VAT increase shouldn't be a reason to buy, buy, buy

Spending now to beat January's tax rise is foolish

Next year's big music festivals got busy this week flogging thousands of tickets to eager music fans. T in the Park and V Festival were among those releasing swathes of 2011 tickets much earlier than usual. The bulk of tickets will go on sale next March. The selling point this week was that fans could buy their tickets now and save the VAT.

In the next few weeks you'll see more exhortations to spend now and save cash ahead of the VAT increase. It's set to rise to 20 per cent on 4 January as part of the Coalition Government's squeeze on our cash. The increase will add 2.5 per cent to the cost of many goods and services so buying now to avoid the higher price can, on the face of it, seem sensible.

But is spending now to save later actually a wise financial move, or is it a false economy? "It's very tempting to buy now to avoid the upcoming VAT increase, but you should remember that you are only saving money if you are buying something that you need and can afford," Annie Shaw, of the personal finance website CashQuestions.com, warns. "Anything else is simply a waste of money in the long run. You should also remember that many retailers will absorb the VAT increase in their profit margins at first so prices won't necessarily rise for the consumer immediately, particularly during the January sales period."

Ed Bowsher, of Lovemoney.com, agrees that rushing to spend now could be a mistake. "The VAT rise may not have the negative impact that so many people fear. In a competitive market, retailers will inevitably take some of the hit and reduce their margins a little," he says. "We'll probably see plenty of 'Don't pay the extra VAT' offers in January. I also suspect that the recovery has built up enough momentum now, so the VAT rise won't push us back into recession."

On the other hand a report published by the marketing firm Acxiom last week suggests UK households will be worse off to the tune of £6.2bn next year as the impact of the VAT increase bites. The average family will be £225 a year out of pocket, the report suggests. with those in Hull, Gwent, Stoke-on-Trent, Leicester and Middlesbrough set to end up worse off because of the increase.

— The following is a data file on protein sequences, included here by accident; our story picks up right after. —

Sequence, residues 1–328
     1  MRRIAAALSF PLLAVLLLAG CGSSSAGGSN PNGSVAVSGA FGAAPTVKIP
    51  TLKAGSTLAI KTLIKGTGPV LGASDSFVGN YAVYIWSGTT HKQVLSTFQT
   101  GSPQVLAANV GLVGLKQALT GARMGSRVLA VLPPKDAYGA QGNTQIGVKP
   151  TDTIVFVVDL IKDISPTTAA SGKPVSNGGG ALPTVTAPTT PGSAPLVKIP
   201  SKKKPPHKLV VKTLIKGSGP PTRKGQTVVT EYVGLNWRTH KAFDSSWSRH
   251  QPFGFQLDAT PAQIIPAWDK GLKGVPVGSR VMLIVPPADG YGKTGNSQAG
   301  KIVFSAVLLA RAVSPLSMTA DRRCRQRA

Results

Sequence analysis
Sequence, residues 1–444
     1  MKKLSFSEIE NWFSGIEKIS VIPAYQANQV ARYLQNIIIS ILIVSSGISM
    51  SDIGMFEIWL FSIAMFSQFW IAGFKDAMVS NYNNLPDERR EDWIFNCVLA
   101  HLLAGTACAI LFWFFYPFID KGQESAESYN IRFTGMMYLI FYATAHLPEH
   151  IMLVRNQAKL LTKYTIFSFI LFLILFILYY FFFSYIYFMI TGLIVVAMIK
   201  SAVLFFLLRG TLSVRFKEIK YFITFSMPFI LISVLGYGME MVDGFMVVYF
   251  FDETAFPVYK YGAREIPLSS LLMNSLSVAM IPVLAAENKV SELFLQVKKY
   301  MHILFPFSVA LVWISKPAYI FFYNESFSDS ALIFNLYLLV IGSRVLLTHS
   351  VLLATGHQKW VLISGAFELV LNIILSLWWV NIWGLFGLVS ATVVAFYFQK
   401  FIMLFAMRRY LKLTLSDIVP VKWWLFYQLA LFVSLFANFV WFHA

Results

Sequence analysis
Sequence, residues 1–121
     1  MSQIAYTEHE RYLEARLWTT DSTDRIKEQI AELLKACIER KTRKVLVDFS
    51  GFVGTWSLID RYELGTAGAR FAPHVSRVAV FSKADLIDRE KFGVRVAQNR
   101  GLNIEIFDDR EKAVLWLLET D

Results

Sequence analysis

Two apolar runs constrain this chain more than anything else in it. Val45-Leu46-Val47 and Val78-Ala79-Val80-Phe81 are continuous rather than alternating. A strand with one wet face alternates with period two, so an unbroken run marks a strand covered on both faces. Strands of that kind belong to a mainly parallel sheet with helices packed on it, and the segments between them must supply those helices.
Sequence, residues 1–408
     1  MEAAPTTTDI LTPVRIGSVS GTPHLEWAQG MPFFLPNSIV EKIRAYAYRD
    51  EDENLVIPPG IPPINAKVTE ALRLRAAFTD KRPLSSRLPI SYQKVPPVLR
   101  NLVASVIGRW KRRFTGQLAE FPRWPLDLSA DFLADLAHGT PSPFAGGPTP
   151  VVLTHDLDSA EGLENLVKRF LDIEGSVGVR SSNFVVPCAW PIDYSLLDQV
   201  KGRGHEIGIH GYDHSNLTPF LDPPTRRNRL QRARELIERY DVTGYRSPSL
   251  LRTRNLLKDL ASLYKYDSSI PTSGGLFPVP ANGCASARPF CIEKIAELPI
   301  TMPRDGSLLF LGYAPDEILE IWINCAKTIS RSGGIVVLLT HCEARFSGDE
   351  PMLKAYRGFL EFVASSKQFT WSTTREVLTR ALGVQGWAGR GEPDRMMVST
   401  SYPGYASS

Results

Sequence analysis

Another report from Santander Insurance claims that millions are rushing to beat the rise. It suggests that 13.75 million UK adults (28 per cent of the population) plan to go on a shopping spree in the next few weeks in advance of the VAT increase, spending on average £650 each. Two-fifths of people plan to splash out on electronic items, such as iPods, iPads, mobile phones and TVs, according to Santander's research.

If true, that would represent an alarming proportion. With belt-tightening rife across the country the idea that millions are planning to treat themselves in an effort to save money would be monstrous, if it wasn't so laughable. What the research may reveal, however, is that people are planning to pull forward buying what they think of as bigger ticket items in order to save money.

As is often the case with spending, it's easy to persuade yourself that buying now is a good idea. But just because you want something, that doesn't mean you should buy it, and even the idea of saving a few quid shouldn't make a difference.

Take the 10,000 music fans who rushed to snap up V Festival tickets this week. (It's too late now, by the way. The deadline to apply was noon on Friday.) The tickets were priced at £165 for a weekend camping pass and £140 for a weekend non-camping pass.

Presumably, when the bulk of tickets go on sale next March they will include VAT at the 20 per cent rate. That would mean they'd be sold at roughly £168 and £143. In other words, you'd have saved around £3 by buying early and avoiding the VAT rise. Hardly seems worth the effort, does it? Especially as you could simply put the cash on deposit, earn a quid in interest, and then decide next spring whether you'd like to go to the summer festival.

In short, the most sensible advice is to ignore the VAT increase and only buy what you have already planned. However, if you have already decided to spend thousands in the spring, buying now could clearly prove worthwhile as the VAT increase effectively adds £212 to every £10,000 you spend.

So if you plan to buy a new car, an expensive UK holiday, or splash out on home improvements in the spring, paying now could mean slashing hundreds off the eventual cost.

But be wary. For starters, if you only pay the deposit for services or a holiday before the VAT increase, you'll be charged the 20 per cent rate on the balance you owe. That could tempt you to pay the full amount now but doing so could risk losing thousands if the trader or company goes bust or fails to do the work. That's particularly risky with builders.